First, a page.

Academic & Personal: 24 hour online accessCorporate R&D Professionals: 24 hour online access
      One-time access price info
      • For academic or personal research use, select 'Academic and Personal'
      • For corporate R&D use, select 'Corporate R&D Professionals'


      Subscribe to Journal of Voice
      Already a print subscriber? Claim online access
      Already an online subscriber? Sign in
      Institutional Access: Sign in to ScienceDirect


        • Bosma J.F.
        • Truby H.M.
        • Lind J.
        Cry motions of the newborn infant.
        Acta Paediatr. 1965; 54: 60-92
        • Aronson A.E.
        • Bless D.M.
        Clinical Voice Disorders.
        4th ed. Thieme Publishers Series, 2009
        • Gavriely N.
        • Palti Y.
        • Alroy G.
        • et al.
        Measurement and theory of wheezing breath sounds.
        J Appl Physiol. 1984; 57: 481-492
        • Hogikyan N.D.
        • Wodchis W.P.
        • Spak C.
        • et al.
        Longitudinal effects of botulinum toxin injections on voice-related quality of life (V-RQOL) for patients with adductory spasmodic dysphonia.
        J Voice. 2001; 15: 576-586
        • Eklund R.
        Languages with pulmonic ingressive speech: updating and adding to the list.
        (Proceedings from Fonetik, Lund University Sweden; 31–34; Available at:) (Accessed July 2, 2017)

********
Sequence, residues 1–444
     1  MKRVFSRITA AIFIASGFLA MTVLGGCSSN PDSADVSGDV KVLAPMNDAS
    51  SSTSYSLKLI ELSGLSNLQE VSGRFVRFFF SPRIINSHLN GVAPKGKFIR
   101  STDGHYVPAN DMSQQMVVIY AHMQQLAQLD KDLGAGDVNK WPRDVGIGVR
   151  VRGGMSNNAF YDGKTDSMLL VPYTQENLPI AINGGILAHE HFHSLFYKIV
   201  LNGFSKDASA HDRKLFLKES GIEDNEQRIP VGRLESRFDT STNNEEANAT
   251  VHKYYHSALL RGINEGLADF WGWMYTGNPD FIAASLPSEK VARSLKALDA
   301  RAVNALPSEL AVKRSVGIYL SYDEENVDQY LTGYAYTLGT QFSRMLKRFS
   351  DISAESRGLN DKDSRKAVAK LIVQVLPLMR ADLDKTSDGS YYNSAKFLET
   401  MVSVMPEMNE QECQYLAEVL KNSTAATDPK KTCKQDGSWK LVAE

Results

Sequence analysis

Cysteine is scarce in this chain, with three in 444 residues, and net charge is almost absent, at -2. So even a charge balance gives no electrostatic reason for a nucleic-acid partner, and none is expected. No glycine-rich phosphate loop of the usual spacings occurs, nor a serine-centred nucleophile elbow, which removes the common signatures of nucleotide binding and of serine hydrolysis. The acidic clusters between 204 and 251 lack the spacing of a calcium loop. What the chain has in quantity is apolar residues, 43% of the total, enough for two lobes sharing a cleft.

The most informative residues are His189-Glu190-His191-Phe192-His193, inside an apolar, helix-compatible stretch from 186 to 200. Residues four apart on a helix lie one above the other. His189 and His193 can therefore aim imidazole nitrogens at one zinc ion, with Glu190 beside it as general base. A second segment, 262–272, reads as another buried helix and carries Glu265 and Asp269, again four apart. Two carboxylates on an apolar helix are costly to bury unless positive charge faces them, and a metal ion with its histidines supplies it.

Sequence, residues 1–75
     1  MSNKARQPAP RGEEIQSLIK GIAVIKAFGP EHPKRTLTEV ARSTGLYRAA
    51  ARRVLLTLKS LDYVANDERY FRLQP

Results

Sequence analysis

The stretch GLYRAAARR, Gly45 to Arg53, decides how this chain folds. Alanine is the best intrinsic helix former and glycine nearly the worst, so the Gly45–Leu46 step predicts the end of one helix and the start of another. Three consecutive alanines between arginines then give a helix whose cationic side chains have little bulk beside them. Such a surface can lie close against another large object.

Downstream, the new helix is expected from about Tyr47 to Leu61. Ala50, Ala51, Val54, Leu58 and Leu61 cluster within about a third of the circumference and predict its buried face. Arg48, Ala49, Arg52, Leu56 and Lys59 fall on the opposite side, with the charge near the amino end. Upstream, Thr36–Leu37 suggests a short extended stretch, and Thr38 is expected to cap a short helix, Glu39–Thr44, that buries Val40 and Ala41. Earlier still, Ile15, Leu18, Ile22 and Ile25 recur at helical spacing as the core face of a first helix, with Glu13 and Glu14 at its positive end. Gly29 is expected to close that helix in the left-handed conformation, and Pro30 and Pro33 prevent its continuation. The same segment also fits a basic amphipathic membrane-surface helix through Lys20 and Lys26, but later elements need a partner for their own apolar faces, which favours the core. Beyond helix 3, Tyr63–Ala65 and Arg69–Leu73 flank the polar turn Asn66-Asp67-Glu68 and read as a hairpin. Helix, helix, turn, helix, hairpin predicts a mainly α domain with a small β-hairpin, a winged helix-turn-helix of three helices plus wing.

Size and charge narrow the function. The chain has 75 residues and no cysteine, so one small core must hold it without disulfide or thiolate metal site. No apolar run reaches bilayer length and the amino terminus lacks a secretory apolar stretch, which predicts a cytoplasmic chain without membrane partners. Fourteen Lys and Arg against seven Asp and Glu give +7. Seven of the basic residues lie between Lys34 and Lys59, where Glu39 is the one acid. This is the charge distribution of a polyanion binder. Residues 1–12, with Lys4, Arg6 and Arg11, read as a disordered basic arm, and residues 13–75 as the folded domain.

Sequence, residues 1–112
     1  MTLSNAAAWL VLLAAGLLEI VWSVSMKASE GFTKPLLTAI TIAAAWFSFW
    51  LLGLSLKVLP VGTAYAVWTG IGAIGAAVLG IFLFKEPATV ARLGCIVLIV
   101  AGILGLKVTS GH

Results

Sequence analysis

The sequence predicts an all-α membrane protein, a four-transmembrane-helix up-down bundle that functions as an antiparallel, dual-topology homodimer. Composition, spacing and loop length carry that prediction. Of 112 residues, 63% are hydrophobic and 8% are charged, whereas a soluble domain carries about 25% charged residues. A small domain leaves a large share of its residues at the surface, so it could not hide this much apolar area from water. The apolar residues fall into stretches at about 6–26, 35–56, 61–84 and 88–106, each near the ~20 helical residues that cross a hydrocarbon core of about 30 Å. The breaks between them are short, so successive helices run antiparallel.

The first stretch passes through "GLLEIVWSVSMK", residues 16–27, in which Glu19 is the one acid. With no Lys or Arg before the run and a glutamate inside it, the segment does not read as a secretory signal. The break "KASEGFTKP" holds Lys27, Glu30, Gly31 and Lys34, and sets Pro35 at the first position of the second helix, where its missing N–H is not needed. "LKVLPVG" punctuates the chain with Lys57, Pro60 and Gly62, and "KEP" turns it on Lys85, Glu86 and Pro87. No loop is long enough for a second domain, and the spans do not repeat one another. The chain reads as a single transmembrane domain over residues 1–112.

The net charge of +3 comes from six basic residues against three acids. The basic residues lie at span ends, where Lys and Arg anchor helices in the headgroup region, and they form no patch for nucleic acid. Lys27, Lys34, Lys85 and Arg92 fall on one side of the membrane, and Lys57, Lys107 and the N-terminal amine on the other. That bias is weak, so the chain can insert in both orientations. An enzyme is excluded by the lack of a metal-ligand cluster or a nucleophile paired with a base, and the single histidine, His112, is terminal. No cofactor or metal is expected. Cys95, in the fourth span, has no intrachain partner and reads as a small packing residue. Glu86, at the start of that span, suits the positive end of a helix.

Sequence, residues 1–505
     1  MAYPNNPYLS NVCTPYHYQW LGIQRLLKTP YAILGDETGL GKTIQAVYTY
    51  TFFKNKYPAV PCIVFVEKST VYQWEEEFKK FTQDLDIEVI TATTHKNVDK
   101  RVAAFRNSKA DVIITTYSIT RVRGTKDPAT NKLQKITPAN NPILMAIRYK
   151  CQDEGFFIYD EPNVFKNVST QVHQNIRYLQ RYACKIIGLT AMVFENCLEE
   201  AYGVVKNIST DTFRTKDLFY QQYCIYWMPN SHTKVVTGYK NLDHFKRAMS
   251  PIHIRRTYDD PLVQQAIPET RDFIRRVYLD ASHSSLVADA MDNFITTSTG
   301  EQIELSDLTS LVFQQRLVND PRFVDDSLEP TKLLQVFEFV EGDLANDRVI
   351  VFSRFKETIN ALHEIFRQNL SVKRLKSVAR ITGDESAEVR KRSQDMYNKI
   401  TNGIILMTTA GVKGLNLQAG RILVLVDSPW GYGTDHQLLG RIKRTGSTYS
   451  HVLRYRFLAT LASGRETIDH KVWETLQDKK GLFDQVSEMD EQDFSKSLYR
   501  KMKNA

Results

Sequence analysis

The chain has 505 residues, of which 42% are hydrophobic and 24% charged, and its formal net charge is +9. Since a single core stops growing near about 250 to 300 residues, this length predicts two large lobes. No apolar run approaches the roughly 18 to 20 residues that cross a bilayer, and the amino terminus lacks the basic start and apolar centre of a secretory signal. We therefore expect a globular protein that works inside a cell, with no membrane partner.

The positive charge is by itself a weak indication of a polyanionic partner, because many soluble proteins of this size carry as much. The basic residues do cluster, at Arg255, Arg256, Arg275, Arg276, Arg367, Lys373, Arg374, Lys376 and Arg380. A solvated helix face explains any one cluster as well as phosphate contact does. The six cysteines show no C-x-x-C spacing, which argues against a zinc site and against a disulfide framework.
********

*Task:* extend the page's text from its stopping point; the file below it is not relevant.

• Finger L.S.
        • Cielo C.A.
        Reverse phonation—physiologic and clinical aspects of this speech voice therapy modality.
        Braz J Otorhinolaryngol. 2007; 73: 271-277
        • Colton R.H.
        • Casper J.K.
        • Leonhard R.
        Understanding Voice Problems: a Physiological Perspective for Diagnosis and Treatment.
        4th ed. Lippincott Williams & Wilkins, 2011
        • Vanhecke F.
        • Lebacq J.
        • Moerman M.
        • et al.
        Physiology and acoustics of inspiratory phonation.
        J Voice. 2016; 30: 769.e9-769.e18
        • Orlikoff R.F.
        • Baken R.J.
        • Kraus D.H.
        Acoustic and physiologic characteristics of inspiratory phonation.
        J Acoust Soc Am. 1997; 102: 1838-1845
        • Grau S.M.
        • Robb M.P.
        • Cacace A.T.
        Acoustic correlates of inspiratory phonation during infant cry.
        J Speech Hear Res. 1995; 38: 373-381
        • Newman J.D.
        Neural circuits underlying crying and cry responding in mammals.
        Behav Brain Res. 2007; 182: 155-165
        • Holmberg E.B.
        • Hillman R.E.
        • Perkell J.S.
        Glottal airflow and transglottal air pressure measurements for male and female speakers in soft, normal, and loud voice.
        J Acoust Soc Am. 1988; 84: 511-529